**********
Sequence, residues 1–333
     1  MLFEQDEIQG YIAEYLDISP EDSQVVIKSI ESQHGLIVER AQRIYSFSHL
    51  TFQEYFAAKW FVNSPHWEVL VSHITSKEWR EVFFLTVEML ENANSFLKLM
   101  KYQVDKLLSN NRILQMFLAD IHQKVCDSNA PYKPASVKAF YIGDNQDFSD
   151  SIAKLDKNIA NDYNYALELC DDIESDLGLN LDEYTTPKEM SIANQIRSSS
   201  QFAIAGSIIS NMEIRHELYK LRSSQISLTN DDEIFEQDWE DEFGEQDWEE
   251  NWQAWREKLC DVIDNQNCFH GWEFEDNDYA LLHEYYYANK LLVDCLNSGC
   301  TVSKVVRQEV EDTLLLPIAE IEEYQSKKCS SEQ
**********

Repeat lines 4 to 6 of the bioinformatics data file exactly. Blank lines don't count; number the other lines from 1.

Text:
   101  KYQVDKLLSN NRILQMFLAD IHQKVCDSNA PYKPASVKAF YIGDNQDFSD
   151  SIAKLDKNIA NDYNYALELC DDIESDLGLN LDEYTTPKEM SIANQIRSSS
   201  QFAIAGSIIS NMEIRHELYK LRSSQISLTN DDEIFEQDWE DEFGEQDWEE